Brush strokes of hope

Society struggles to continue offering all-inclusive studio space

Victoria resident Devorah Stone puts the finishing touches on her painting

Devorah Stone picks up a paint brush, eyes her colourful painting propped up on an easel and dabs on a splash of colour.

“It’s called The Beat Goes On,” she says proudly, taking a step back to admire her handiwork: a large human heart painted in several shades of red, among other colours.

For the past two years the Victoria resident has been a regular fixture at the Pandora Arts Collective Society’s open studio sessions held two afternoons a week in Fernwood.

Each week, between 10 and 20 artists drop by the studio, provided rent-free by the Fernwood Community Association. There, they use free supplies to create paintings, sculptures, sketches and mixed-media works.

The space has served as a lifeline for people, some of whom have physical disabilities or mental health conditions.

But now the society’s future is in jeopardy and it may have to be closed. What little funds the group had have been tapped out.

“We don’t have any sort of steady anything. It’s all private donations,” says Stone, volunteer board vice-president. “We have been living grant to grant.”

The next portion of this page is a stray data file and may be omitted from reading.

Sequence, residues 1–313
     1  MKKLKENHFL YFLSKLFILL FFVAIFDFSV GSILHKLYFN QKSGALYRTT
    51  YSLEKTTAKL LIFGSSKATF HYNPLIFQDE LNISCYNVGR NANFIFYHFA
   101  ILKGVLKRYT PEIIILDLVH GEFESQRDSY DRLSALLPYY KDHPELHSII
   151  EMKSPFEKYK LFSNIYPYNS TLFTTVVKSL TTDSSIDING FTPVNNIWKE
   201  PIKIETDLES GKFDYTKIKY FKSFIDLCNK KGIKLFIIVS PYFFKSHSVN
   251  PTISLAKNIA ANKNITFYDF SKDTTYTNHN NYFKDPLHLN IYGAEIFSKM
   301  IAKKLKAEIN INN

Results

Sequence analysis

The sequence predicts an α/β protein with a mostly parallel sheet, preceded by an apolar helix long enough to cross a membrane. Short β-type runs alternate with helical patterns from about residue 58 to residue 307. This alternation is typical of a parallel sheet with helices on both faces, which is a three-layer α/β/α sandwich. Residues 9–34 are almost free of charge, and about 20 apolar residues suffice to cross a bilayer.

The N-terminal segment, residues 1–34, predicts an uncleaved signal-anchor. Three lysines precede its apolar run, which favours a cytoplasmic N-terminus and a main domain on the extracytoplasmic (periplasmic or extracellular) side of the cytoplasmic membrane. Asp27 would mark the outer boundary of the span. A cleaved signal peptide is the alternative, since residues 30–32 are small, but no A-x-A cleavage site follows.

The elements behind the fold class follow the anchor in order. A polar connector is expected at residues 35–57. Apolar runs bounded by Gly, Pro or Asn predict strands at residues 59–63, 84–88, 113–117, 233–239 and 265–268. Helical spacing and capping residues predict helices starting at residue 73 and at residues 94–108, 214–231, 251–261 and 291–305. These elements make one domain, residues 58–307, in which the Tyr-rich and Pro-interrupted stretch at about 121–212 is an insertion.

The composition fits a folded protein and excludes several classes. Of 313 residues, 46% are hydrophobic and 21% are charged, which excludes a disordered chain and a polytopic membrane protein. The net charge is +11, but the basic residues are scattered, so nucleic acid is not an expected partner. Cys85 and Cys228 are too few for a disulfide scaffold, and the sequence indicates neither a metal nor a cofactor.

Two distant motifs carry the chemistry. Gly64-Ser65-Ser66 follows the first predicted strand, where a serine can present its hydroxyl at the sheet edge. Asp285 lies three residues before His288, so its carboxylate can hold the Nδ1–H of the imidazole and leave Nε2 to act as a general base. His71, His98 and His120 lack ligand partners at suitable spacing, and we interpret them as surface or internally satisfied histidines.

The non-profit society needs $1,000 to cover its expenses this month, prompting board members to issue an urgent plea for help. The hope is that 12 people will each donate $1,000 a month for the next three years. Already three donors have stepped forward.

Members pay $10 a month or $2 per drop-in session. Many aren’t able to pay but are welcomed at the studio, regardless.

“We don’t want money to be a barrier,” Stone says.

“The reason that Pandora (Arts) is so great is that it’s for people who can’t afford to take lessons and they can’t afford the materials and supplies, and they can come there and paint,” says society board member Stephanie Taggart.

The initiative began in 2004 as an art therapy program that was funded by the Vancouver Island Health Authority and located on Pandora Avenue. After its funding was cut, several dedicated people worked to keep it going and eventually set up shop in Fernwood.

The act of creating is therapeutic for many, says Clive Beal, society director.

“We’re keeping people out of emergency services.”

The amateur artists treasure the encouragement, support and sense of community they receive at the all-inclusive space.

“It’s kind of a healing process for them to come and paint,” says Taggart, who has been coming to the studio for three years.

Stone, a self-described extrovert, says she felt isolated before attending the open art sessions.

“It’s given me an outlet, my confidence back, friends and a sense of purpose. It’s really been a major part of my life,” she says. “It gives a lot of people a place to go.”

How to help

To make a monetary or in-kind donation to the Pandora Arts Collective Society or  volunteer or participate in the open studio sessions, please call 250-920-7227 and leave a message, or visit Studio sessions happen Tuesdays and Thursdays at 1923 Fernwood Rd. from 12:30 to 4 p.m.



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